Finding a line that is parallel to two planes in 3D

I have a question asking me to find a line in the symmetrical equation that passes through $$(1,1,1)$$ and also parallel to the following two planes

• $$\pi_1 = [x,y,z] = [1,-3,4]+r[-1,3,2]+s[2,1,2]$$
• $$\pi_2 = [x,y,z] = [1,2,1]+r[1,-3,2]+s[1,1,2]$$

I manage to find the normal equation of these two planes:

• $$\pi_1 = 4x+6y-7z=-42$$
• $$\pi_2 = -8x+4z=-4$$

Then I am not sure how to proceed with this question. However, we can see that these two planes are not even parallel to each other, so how can we find a line that is parallel two both of them?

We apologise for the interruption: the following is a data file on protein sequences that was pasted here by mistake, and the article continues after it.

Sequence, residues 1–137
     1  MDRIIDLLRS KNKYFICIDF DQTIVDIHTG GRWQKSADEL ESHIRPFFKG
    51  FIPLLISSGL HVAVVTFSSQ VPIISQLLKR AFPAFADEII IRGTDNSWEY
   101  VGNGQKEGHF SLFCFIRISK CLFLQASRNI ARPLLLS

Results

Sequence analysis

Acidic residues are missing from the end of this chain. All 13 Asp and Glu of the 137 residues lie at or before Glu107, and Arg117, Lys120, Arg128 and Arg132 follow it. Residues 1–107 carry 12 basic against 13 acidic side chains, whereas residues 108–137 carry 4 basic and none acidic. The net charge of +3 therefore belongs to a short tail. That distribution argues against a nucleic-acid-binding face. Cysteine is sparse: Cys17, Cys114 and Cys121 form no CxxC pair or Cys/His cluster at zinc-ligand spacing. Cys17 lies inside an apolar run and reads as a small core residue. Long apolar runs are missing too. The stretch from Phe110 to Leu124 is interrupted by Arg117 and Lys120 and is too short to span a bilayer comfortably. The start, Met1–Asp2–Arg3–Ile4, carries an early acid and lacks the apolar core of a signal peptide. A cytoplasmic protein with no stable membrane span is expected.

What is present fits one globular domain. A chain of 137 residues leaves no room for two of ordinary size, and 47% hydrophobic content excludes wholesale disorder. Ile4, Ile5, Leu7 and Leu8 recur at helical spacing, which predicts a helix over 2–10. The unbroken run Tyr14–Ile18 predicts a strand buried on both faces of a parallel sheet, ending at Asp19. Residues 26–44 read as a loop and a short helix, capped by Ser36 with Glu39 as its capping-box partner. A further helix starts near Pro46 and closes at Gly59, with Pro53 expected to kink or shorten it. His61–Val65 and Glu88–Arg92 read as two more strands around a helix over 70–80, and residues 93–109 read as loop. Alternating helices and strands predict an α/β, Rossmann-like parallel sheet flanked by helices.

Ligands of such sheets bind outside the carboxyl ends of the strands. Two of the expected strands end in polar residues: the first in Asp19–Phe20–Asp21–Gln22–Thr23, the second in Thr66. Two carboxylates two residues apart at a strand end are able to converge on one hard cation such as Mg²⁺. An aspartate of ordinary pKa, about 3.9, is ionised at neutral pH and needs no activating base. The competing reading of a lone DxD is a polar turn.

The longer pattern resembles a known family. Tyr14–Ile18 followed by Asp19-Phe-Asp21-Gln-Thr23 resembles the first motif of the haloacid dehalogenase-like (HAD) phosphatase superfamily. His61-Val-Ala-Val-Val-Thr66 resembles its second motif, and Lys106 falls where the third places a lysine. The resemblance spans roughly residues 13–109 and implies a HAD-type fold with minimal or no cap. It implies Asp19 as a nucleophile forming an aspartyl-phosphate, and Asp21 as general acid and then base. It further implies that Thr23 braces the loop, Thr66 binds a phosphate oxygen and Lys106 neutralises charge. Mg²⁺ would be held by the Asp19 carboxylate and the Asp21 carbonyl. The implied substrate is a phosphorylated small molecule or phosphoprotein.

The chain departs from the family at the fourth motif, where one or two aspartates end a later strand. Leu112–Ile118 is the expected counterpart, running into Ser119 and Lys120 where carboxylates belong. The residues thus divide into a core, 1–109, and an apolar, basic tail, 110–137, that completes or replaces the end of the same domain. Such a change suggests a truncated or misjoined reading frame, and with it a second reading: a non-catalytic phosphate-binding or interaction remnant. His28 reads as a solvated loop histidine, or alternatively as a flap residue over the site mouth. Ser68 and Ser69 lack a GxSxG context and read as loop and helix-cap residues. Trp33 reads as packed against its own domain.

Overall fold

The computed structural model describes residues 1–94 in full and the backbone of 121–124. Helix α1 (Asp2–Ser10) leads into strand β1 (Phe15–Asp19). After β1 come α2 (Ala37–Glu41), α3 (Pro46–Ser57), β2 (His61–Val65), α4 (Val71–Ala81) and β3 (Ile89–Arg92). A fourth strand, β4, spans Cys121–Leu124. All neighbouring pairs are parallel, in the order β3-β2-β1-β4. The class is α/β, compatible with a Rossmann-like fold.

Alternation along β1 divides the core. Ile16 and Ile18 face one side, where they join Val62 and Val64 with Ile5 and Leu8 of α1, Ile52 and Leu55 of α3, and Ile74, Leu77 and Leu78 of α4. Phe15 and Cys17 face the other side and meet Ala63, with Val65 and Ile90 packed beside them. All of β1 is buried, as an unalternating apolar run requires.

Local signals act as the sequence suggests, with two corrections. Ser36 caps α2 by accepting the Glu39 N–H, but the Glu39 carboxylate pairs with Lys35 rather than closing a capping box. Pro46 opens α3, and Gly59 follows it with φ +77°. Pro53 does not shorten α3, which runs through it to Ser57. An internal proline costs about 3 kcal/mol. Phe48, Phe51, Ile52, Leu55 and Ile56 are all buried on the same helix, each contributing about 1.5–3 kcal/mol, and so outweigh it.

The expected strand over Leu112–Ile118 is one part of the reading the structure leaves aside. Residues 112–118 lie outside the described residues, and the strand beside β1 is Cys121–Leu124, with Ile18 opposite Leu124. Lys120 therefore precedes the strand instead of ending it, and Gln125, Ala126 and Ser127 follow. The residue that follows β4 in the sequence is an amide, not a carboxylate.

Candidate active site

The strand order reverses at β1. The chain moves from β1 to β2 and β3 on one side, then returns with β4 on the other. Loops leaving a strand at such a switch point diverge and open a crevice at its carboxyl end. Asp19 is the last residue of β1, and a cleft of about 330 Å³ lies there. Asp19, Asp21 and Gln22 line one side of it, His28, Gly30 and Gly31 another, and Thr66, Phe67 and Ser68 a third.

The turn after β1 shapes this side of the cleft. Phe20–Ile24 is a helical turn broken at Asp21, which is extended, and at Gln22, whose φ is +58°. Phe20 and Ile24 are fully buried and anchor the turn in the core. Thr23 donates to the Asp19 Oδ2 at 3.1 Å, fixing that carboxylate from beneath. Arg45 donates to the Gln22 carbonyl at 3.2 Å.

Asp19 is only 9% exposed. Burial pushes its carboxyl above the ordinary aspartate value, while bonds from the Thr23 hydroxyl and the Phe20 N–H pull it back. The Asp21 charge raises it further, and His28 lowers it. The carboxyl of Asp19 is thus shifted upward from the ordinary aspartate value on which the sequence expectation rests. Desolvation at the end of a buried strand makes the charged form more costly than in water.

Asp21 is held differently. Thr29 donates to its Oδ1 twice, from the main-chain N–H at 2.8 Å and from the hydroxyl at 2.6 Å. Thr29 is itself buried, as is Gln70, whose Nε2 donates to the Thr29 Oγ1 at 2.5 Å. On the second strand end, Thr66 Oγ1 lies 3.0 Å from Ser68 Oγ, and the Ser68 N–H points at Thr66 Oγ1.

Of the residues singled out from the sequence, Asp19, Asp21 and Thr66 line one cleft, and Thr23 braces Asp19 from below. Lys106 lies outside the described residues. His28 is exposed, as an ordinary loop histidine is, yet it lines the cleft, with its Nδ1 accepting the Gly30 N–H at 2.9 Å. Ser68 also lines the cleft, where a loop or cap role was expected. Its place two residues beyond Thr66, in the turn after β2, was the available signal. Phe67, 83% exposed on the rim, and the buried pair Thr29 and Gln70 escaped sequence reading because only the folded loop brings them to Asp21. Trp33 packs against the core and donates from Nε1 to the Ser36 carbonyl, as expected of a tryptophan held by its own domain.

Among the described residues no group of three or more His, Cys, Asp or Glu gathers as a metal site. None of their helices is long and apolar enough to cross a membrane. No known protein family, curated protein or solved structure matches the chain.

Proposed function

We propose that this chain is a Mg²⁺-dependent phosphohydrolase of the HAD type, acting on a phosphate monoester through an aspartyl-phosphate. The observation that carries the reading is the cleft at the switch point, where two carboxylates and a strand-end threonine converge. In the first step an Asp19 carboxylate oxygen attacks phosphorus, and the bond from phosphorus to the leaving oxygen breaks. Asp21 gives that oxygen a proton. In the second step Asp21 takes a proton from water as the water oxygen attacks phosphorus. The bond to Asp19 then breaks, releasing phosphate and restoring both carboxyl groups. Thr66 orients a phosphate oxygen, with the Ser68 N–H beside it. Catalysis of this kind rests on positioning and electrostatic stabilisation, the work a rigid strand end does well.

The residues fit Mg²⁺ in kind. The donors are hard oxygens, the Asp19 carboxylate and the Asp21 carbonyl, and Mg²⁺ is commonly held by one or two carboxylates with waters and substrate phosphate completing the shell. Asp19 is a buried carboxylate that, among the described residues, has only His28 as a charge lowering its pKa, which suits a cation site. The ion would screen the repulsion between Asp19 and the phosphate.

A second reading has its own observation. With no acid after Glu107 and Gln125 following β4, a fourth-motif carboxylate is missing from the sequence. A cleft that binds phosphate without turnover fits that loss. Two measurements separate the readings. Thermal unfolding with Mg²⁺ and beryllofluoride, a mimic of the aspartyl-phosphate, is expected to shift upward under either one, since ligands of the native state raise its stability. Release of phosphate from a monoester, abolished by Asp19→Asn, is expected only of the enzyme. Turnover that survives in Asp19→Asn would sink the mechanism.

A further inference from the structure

The answer key provided the solution as: $$\frac{x-1}{3}=\frac{y-1}{5}=\frac{z-1}{6}$$, but I drew the line in Geogebra and I do not think the line is parallel to both planes.

• Are you sure you calculated the correct normal form of the plane $\pi_2$? Nov 28, 2019 at 20:44
• Hmmm but I just tried with a calculator, it holds $4*1+6*-3-7*4 = -42$ Nov 28, 2019 at 20:48
• Yes sorry, indeed it is correct!
– user
Nov 28, 2019 at 20:49
• Shouldn't it be $\pi_2 : -8x+4z=-4$? Nov 28, 2019 at 20:50
• Oh right, sorry for the mistake I made. I gonna change it now Nov 28, 2019 at 20:53

To be parallel to both planes, the direction vector $$\vec v$$ of the line must be orthogonal to both normal vectors, then a direction vectors is given by
$$\vec v=\vec n_1\times \vec n_2=\begin{vmatrix}\hat i&\hat j&\hat k\\4&6&-7\\-8&0&-4\end{vmatrix}$$
• By cross product we obtain $(-24,-40,48)$ that is a multiple of $(3,5,-6)$. Therefore it seems there is a typo in the book. I think that using cross product is a very effective way in this case.